These smartphones will likely have a large screen and a high-end mobile browser in order to better take advantage of the download speeds Long Term Evolution offers. The companies have not given a timetable for the release of the 4G-capable smartphones, but they would likely launch with the carrier's LTE deployment that's schedule for late 2010 or early 2011.
The move is somewhat of a departure for MetroPCS, which is known for its prepaid services that offer unlimited voice and text messages without a contract. The company primarily offers a slate of entry-level handsets, and it just recently got its first smartphone with the release of the BlackBerry Curve 8330.
The carrier is looking to invest in LTE networks to diversify its offerings, as it would potentially be able to provide prepaid mobile broadband, as well as sophisticated smartphones at a low monthly price.
"Quite frankly, 4G represents a great opportunity for us because we see that as a capacity expansion; higher data rates imply capacity expansion, not just combining speed and download capability," Roger Lindquist, CEO of MetroPCS, said during a conference call last year.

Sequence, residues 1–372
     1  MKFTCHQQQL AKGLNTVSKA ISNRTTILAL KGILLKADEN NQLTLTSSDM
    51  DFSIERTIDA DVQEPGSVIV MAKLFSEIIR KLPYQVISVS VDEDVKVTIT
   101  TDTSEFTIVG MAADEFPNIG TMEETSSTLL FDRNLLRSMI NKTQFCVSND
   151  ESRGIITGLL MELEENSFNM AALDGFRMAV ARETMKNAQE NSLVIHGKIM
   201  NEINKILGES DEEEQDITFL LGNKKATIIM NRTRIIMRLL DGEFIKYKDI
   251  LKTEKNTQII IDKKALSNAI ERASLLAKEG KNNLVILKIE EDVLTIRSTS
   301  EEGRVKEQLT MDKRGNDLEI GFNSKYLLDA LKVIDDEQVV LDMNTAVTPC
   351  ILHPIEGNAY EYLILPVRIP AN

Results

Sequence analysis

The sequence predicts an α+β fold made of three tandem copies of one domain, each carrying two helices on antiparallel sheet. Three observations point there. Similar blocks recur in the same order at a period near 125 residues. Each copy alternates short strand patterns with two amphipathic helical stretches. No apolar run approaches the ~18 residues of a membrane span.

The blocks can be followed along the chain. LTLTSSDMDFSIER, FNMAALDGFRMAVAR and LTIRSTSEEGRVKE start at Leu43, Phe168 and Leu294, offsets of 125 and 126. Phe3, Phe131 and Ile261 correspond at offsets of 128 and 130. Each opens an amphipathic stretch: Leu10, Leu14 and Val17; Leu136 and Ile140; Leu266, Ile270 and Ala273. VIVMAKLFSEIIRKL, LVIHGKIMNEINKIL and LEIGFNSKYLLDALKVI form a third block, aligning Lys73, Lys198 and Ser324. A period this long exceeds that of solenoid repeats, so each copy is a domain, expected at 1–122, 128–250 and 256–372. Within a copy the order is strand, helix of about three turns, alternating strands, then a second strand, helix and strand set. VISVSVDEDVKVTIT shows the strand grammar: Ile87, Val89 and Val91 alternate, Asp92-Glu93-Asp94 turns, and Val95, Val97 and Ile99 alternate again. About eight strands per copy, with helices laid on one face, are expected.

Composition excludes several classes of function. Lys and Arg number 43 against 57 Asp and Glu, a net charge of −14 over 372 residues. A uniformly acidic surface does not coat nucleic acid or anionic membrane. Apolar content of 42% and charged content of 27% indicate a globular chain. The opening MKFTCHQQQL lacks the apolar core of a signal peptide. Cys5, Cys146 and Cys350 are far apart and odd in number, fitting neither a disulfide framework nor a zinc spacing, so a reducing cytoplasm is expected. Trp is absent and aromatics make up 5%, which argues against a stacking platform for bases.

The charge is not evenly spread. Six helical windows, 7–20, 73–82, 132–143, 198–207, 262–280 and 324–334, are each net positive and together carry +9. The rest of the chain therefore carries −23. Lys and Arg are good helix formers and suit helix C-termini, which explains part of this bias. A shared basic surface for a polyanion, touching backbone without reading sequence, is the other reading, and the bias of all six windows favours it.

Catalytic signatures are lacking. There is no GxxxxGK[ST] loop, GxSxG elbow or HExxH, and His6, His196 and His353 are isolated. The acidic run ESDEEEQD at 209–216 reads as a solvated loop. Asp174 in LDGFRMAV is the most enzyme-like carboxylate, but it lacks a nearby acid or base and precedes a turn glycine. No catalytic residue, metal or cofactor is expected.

Verizon Wireless also is making a big push to roll out LTE networks within the next two years. Verizon's adoption rate will be a better indicator of the success of LTE, as it has more than 80 million subscribers, compared with about 6 million for MetroPCS.
While companies like AT&T, Verizon, and MetroPCS are betting on LTE, there's a growing battle over what will be the primary technology for next-generation mobile broadband. Companies like Sprint Nextel, Intel, Google, and various cable companies have invested in WiMax as the standard for 4G networks.
LTE vs. WiMax won't be the typical winner-take-all showdown. Learn what each brings to the race (registration required).